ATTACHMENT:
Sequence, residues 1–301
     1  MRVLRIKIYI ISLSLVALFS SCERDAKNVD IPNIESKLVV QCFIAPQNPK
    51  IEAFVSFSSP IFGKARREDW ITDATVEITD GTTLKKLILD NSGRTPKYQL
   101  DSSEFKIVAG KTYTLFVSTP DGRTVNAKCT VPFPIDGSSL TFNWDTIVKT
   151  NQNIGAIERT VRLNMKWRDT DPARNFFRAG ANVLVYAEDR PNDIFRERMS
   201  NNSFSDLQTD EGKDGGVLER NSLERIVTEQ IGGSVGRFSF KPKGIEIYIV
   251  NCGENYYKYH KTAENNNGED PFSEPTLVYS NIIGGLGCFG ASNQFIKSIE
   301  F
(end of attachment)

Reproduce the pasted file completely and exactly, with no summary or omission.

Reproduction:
Sequence, residues 1–301
     1  MRVLRIKIYI ISLSLVALFS SCERDAKNVD IPNIESKLVV QCFIAPQNPK
    51  IEAFVSFSSP IFGKARREDW ITDATVEITD GTTLKKLILD NSGRTPKYQL
   101  DSSEFKIVAG KTYTLFVSTP DGRTVNAKCT VPFPIDGSSL TFNWDTIVKT
   151  NQNIGAIERT VRLNMKWRDT DPARNFFRAG ANVLVYAEDR PNDIFRERMS
   201  NNSFSDLQTD EGKDGGVLER NSLERIVTEQ IGGSVGRFSF KPKGIEIYIV
   251  NCGENYYKYH KTAENNNGED PFSEPTLVYS NIIGGLGCFG ASNQFIKSIE
   301  F